Make a difference campaign: Helping struggling Kirkcaldy families to help themselves

Members of the New Linktown Tenants and Residents outside the Philp Hall.
Members of the New Linktown Tenants and Residents outside the Philp Hall.

After giving out their 3000th pack of baby food to yet another struggling family in and around Kirkcaldy, members of the New Linktown Tenants and Residents Association say they are only reaching a fraction of those needing help.

But they have been overwhelmed by the thanks they have received from single parents crippled by debt, working families who are struggling to make ends meet and many others in between.

“It has been absolutely unbelievable the uptake on this baby food, and it really shows just how bad things are that we are having to do this to help people get by in this day and age,” said Shane Halstead, who together with his wife Lizzie and the rest of the nine-strong committee, has been sending word far and wide that the food is available to any families with children under a year old who could benefit from a bit of help.

It’s just the latest in a long list of things that the tenants and residents group has done in its 15 year history to assist those in need in Linktown.

From helping to set up job clubs and a flourishing Credit Union to encourage people to help themselves and take more control over their finances, to running youth clubs, Christmas and Hallowe’en parties for youngsters so they don’t miss out on what their friends are enjoying, and running errands for the elderly during the horrendous snowfalls at the start of March, it’s all part of the strong community spirit which is abundant in the area.

And even those who don’t have much themselves have shown a kindness and generosity of spirit which would put their wealthier neighbours to shame.

“There is still a huge stigma about living in the Links, but there is also a huge amount of generosity and community spirit, and people here in The Scheme are always willing to help out their own,” said Lizzie who, as well as being a very active member of the tenants and residents association, also runs the West After School Play club and cleans the Philp Hall, the hub of the local community.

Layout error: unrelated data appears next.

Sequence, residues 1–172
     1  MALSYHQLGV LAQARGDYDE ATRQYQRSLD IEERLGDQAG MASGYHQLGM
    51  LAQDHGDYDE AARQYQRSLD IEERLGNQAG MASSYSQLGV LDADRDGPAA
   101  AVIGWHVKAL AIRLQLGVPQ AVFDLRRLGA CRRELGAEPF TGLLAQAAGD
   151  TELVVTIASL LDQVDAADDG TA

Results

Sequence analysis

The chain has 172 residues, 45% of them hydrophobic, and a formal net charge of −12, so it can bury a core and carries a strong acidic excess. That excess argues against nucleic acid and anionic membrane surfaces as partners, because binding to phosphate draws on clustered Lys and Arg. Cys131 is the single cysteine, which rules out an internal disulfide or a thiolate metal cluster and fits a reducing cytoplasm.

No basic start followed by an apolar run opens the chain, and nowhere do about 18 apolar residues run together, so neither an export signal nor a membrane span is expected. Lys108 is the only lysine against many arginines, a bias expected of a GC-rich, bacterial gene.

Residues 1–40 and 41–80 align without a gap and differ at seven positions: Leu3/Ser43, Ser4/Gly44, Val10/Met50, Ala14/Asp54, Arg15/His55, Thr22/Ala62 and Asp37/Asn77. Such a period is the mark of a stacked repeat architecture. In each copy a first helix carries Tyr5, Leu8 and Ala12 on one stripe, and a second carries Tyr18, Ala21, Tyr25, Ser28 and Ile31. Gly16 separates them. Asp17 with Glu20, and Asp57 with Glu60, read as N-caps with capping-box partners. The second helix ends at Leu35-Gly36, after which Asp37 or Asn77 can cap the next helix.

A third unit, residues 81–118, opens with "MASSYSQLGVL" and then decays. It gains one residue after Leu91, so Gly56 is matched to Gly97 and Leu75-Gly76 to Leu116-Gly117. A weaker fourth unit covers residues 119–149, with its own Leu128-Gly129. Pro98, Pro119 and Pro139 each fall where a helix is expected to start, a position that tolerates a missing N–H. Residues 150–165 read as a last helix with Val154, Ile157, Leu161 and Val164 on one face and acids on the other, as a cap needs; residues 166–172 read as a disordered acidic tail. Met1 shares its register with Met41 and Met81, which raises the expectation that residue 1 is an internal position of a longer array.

She is there at all times of the day and night to open the premises for mother and toddler groups, jobs clubs, fitness classes, and everything that goes on.

And, because she and her family have lived in Linktown all their lives they know what is going on and who really needs help.

“We all know there is a huge problem with drugs, which are being dealt quite openly on the streets, and that there are issues with gangs from different parts of the world, but we really care about our community and particularly the local kids.

“We have good links with our community police officers and Leah Levein, the local development officer and John Farmer, community development manager with Fife Council do a huge amount of work in the local community too.”

And it’s thanks to groups like the New Linktown Tenants and Residents Association that, even in an area classed as being highly deprived, people have somewhere to turn to in times of need.

The supplies of baby food are just the latest help on offer and came about after a local window company CMS at Hayfield sourced it for the Cottage Centre in Templehall.

“What happened was that 17 pallets of the food were delivered to the company’s premises and they were having difficulty finding room to store it all.

“David Torrance MSP, who has also been a great supporter of ours over the years, contacted us to ask if we would be a distribution point for the food and we agreed.

“It has been a great success and a real lifeline for many young families both here, around Kirkcaldy and even further afield,” explained Shane who has made several collections in his van and brought it to the Philp Hall.

“But there’s still a real stigma and we’ve had grannies coming in to get food for their grandchildren because the mums are too embarassed to ask for it.

“People are getting better at asking for help because they know us and know we don’t judge them, but there’s still a long way to go.”

Helping people to help themselves has always been a big part of the work of the tenants and residents group.

This year, for the second year, it has been using the raised planters in the Saunders Street playpark to grow potatoes and other vegetables for use by the community.

“They were meant to be for floral displays, but the council does the big floral displays and we felt that flowers don’t feed people, so we decided to use them for growing vegetables instead,” explained Lizzie.

“We plant them with the local kids and when they are ready we bring them down to the hall and they are distributed in the local community, whether that is by pensioners or young families.

“We did it last year for the first time and this year we are doing six planters for potatoes. We get the kids to help deliver them to the old people and they will also get some to take home. Hopefully it’s something they will remember and keep on doing in years to come.”

Recently we also had a birthday party for the Queen’s birthday and we might do something for the Royal Wedding.

“It’s just about bringing people from different backgrounds together and having some fun together to help boost people’s spirits.

“We just make a big pot of soup and have teas and coffees and there’s face painting and a bouncy castle, which we bought recently, for the kids.

“Fraz from the local shop is also a great help to us and during the snowfalls he was fantastic, going out of his way to find supplies of milk and bread which we then delivered to the old people.

“We may not have a lot, but we make sure people are looked after when they need some help.”